Banks sometimes fail. This is an unfortunate fact of life. During the Great Depression, closing a bank often led to panic, with depositors desperately trying to withdraw their funds. Anyone who has seen the movie, It's a Wonderful Life, knows what a bank filled with panicked customers looks like.
Bank runs do not happen anymore -- at least not in the United States. That is because of insurance provided by the Federal Deposit Insurance Corporation (FDIC). When a bank fails today, its insured depositors never lose a dime. By design, the failing bank is usually taken over by another bank. The transition is swift, precise and creates few ripples for consumers, because it is handled by highly trained professionals at the FDIC. Families can keep paying bills and businesses can make payroll. In fact, nearly 500 banks failed during the financial crisis and its aftermath, and every single depositor had access to their insured money within one business day.
But this seamless protection for insured depositors can be avoided by companies that offer "reloadable" prepaid cards, a rapidly growing product that many Americans use instead of conventional checking accounts.
Like a checking account, these products allow consumers to direct deposit their paychecks and pay bills online. But unlike checking accounts, which carry up to $250,000 in mandatory FDIC backing for every customer, prepaid cards are not required to carry deposit insurance. Rather, these companies can choose how their products are covered -- either through a patchwork of state laws or via tried and true FDIC insurance.
This is a critical consumer protection issue. The prepaid card industry is experiencing explosive growth, primarily because the cards function like a checking account but have lower fees. According to Mercator Advisory Group, a financial consulting firm, the use of these cards has grown 600% since 2010. Americans are expected to load over $200 billion on them this year.
Many banks and financial services companies offer these products. Major retailers are getting in on the action, too, partnering with financial companies to create their own prepaid cards that customers use to purchase everyday items. Most have voluntarily chosen to cover them with FDIC insurance.
However, others have opted to forgo the cost of providing FDIC insurance coverage. For example, the American Express for Target Card is covered by state money transmitter licenses rather than FDIC insurance. Doing business this way may be cheaper for the prepaid card company, but these licenses are a poor substitute. And, unfortunately, this sets a precedent, allowing others entering the marketplace to do the same.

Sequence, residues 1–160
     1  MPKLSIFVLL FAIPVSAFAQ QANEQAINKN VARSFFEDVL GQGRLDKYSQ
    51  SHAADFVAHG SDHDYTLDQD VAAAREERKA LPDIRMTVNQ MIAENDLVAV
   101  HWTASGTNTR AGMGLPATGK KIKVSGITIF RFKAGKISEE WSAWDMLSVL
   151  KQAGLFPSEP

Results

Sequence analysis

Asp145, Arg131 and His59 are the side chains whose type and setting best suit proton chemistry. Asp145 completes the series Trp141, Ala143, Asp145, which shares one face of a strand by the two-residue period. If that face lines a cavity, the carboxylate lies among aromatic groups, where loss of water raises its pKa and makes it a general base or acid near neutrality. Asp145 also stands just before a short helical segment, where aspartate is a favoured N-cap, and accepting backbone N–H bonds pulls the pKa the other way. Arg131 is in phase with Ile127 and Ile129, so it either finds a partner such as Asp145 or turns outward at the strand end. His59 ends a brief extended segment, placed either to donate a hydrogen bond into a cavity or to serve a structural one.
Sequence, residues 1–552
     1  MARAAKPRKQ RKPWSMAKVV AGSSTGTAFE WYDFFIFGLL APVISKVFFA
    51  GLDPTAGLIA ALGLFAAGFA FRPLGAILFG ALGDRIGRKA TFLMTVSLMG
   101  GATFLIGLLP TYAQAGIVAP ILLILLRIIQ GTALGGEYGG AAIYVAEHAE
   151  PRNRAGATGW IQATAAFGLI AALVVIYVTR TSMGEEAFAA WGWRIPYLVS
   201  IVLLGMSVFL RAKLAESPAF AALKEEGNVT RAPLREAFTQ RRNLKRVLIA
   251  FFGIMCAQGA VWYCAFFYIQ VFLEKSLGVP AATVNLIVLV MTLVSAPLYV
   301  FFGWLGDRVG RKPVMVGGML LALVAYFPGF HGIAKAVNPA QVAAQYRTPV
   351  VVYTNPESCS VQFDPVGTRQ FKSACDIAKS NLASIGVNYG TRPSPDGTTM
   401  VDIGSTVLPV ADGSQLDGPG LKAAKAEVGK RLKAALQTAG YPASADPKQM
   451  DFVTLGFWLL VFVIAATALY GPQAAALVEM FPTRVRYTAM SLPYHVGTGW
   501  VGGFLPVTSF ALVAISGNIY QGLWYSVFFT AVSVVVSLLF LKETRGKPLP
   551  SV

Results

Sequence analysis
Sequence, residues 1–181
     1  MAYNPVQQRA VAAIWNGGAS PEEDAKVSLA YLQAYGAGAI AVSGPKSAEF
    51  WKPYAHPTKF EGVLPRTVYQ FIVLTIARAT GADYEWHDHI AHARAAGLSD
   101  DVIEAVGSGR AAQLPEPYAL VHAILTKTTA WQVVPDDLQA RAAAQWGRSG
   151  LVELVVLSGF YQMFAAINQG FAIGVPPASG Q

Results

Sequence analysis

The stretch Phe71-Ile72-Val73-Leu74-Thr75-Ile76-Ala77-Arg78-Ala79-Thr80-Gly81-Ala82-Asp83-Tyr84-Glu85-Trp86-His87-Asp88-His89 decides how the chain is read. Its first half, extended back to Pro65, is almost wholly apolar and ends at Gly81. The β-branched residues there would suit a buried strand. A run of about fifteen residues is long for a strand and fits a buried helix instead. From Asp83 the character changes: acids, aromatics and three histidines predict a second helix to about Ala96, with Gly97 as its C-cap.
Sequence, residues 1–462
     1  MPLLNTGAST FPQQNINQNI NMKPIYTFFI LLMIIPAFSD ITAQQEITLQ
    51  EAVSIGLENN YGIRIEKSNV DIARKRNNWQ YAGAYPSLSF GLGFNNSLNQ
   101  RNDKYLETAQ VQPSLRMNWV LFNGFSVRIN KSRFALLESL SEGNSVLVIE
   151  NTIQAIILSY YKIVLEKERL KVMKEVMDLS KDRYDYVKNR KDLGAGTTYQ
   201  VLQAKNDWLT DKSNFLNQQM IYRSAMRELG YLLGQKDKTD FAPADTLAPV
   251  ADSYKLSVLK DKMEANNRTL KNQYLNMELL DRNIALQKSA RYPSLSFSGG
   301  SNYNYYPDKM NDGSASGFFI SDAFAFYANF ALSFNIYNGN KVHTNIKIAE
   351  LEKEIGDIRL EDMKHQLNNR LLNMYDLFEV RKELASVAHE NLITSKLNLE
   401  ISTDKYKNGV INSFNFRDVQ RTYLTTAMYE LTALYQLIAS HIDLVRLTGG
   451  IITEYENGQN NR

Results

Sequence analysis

These state laws typically require issuers of prepaid cards to post a surety bond, which covers far less than the total amount customers have loaded on their cards. What's more, prepaid card companies can take customers' money and invest it in any investment-grade securities, which may or may not be readily convertible to cash. In the event that the company offering the card lacks FDIC insurance and goes under, its customers might not be fully reimbursed. The amount of compensation will depend on the state in which they live. Some states offer no protection at all.
If the prepaid card company has invested its customers' funds in securities, which have lost their value, the only protection those customers will have is the surety bond. In Alabama, for example, customers are collectively protected up to $50,000. In Florida, they are collectively protected up to $2 million. These amounts do not represent the compensation given to each customer. They represent the upper limit for the entire class no matter how many prepaid cards have been issued or how much money has been loaded on them. Three states -- Montana, New Mexico, and South Carolina -- do not guarantee any repayment.
Inadequate reimbursement is not the only problem. When an account is insured by the FDIC, consumers can access their money quickly and easily without going to court. But if the issuer of a prepaid card loses a customer's money, the customer will likely have to take legal action to get their money back. This could be costly for the consumer and involve lengthy delays. Even then, there is no guarantee that the full amount on the card will be returned. In some cases, the cardholder might walk away with nothing.
This problem does have a solution. Policymakers can -- and should -- require prepaid card issuers to acquire FDIC insurance. At a time when consumer confidence is making a fragile recovery, prepaid card customers deserve the same peace of mind as more traditional bank account holders: that their money is safe and will be readily accessible when they need it.
Sheila Bair is the former chairwoman of the FDIC and a senior adviser at The Pew Charitable Trusts.